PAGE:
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In the Pantry

In the pantry the two hungers meet:

The hunger for food and the hunger to nourish


The single mother cares for her children,

Works the first job,

Works the second job,

Cleans up the messes no one else wants to touch,

Falls into bed and wakes as if from death.


She comes to the pantry.


The father wakes

From a sleep broken by worry and unpaid bills,

Pieced-together paychecks and uncertain health,

Dreams of protecting his family,

Dreams of being chased,

Adrenalin spiking his blood until his pulse never quite settles.


He comes to the pantry.


Will my car make it for one more month?

Will my child be able to focus at school?

Can I afford the medication?

Will my ex find and hurt me?

Will they shut off the power?

Where will I sleep tonight?

Will I have enough to share with my mother, my brother, my child?


The mother who feeds her family and goes without,

The girl trying to ease her grandmother’s old age,

The son who dreams of a better life for his parents—

They leave a world indifferent to their struggles

And come into the pantry. 


Let this be a place where the calculations of survival quiet.

Let this be a place of safety, calm, and peace,

A place that feels normal when nothing feels normal.

In a life in which much is hard, let this be easy.


In the pantry the two hungers meet

The hunger to nourish and the hunger to be fed


Those who have enough

Wake to a community that is broken.

They live a life of plenty, but their neighbors go without.

They sense the pain around them, but it stays hidden.


How can we take joy in an abundance that doesn’t reach everyone?

We’ve been bidden to clothe the naked,

Accompany those who live on the edge,

Feed the hungry, bring relief to the thirsty, but how?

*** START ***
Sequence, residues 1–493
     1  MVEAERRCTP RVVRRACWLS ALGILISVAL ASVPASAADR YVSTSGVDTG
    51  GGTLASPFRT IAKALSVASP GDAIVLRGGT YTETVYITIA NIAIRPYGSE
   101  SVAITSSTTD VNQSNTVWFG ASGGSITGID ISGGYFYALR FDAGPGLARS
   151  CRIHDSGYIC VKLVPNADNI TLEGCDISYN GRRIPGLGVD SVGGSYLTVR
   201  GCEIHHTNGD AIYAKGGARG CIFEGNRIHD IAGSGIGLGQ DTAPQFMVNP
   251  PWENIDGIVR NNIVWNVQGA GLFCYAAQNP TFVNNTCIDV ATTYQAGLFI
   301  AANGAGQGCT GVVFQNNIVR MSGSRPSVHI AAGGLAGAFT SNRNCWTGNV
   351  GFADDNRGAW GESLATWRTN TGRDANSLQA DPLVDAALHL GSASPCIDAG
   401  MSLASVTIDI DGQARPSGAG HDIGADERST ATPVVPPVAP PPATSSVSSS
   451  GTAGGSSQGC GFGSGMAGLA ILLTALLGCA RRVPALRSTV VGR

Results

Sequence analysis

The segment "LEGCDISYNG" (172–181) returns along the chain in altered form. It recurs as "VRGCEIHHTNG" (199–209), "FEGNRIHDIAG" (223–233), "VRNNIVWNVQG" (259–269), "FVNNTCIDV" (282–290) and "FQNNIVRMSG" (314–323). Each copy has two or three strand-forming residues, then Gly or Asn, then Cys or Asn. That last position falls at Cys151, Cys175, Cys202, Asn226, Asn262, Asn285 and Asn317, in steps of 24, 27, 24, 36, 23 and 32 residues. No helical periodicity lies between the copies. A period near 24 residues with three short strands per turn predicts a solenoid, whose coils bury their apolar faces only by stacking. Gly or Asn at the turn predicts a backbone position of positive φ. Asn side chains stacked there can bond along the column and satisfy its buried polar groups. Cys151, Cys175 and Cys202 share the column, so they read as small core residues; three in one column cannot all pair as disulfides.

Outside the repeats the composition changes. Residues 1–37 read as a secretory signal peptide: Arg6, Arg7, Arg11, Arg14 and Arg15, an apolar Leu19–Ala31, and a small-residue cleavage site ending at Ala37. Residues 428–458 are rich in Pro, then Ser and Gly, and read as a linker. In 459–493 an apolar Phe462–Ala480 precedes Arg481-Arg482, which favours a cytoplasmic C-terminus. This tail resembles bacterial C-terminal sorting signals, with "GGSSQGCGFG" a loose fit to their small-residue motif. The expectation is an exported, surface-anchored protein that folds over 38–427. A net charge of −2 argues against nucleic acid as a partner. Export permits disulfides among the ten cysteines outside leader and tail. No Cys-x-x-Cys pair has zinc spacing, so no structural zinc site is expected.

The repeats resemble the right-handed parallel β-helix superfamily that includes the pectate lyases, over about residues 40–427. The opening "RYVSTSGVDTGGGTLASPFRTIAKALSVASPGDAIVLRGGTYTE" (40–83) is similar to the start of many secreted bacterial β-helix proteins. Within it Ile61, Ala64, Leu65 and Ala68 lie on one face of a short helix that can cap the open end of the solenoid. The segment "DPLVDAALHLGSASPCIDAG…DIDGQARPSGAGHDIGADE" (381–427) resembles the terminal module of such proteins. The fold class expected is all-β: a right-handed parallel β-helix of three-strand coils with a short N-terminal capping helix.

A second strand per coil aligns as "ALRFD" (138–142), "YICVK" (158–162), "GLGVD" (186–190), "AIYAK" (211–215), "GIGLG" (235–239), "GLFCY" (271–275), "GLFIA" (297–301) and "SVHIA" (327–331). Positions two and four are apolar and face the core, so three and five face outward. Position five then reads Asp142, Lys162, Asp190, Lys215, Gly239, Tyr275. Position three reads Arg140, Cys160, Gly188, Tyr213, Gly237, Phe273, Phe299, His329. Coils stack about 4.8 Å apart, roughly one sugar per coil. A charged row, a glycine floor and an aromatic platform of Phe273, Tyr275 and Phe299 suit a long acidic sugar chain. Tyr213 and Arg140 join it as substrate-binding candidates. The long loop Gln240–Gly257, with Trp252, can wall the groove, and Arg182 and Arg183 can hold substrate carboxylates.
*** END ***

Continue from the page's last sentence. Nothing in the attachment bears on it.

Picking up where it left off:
A congregation recites, “Give us this day our daily bread,”

And believes it can be not just the prayer but its answer.

They organize a food drive and become Christ’s hands.


A corporation believes that people are more than customers,

That its profits can profit everyone,

And its people donate money for rent, a walk-in fridge,

So less will go to waste and more to those without.


At a kitchen table

In the privacy of her conscience,

In the ache of his compassion,

A person comes to a decision, writes a check—

No act more ordinary or more lifegiving.


Together they pray:


Let this be a place of welcome. 

A place of no shame.

Let this be a place of listening and understanding,

A glimpse of God’s kingdom here on earth.


In the pantry the two hungers meet

The hunger for food and the hunger to nourish.


A pantry staff member comes not numbed but enlivened by the stories she hears,

Ready to weep and to laugh,

Ready to bring food in her own arms if there’s no one else to carry it.


A director finds a way to provide the essential in a pandemic,

To keep everyone safe,

To offer not less in a time of scarcity but more.


A volunteer learns words of a new language.

‘Illimitado’ means unlimited,

Means take as much as you can use with a happy heart

And with our blessing.


They come to the pantry,

Where the questions are matter-of-fact and sacred:

Is this your first time?

How many are you caring for?

What do your children like to eat?

How much do you need?

What can I help you find?

May I carry that for you; may I get it out of your way?


We enter this world trusting we’ll be fed,

But for some this trust is broken.

Let this be a place of mended trust, of consolation

A place where our community can be made whole.


All come to the pantry hungry.

Those in need may one day become donors.

Those who give might find themselves in need.


Time and nourishment are given freely;

Nothing is asked for in return, for

The pantry operates in its own currency,

Believes in abundance as miracle,

Fishes and loaves multiplied

By a deep and holy pragmatism,

By a grace as relentless as need.


In this humble sanctuary of box cutters and double-checked expiration dates,

Of aprons and crates, metal shelves and scarred floors,

We work toward a world where no one is lost.

We believe that each of us is a part of the other,

And we are fed.

by Deborah Forbes, author and WFCM Board Member


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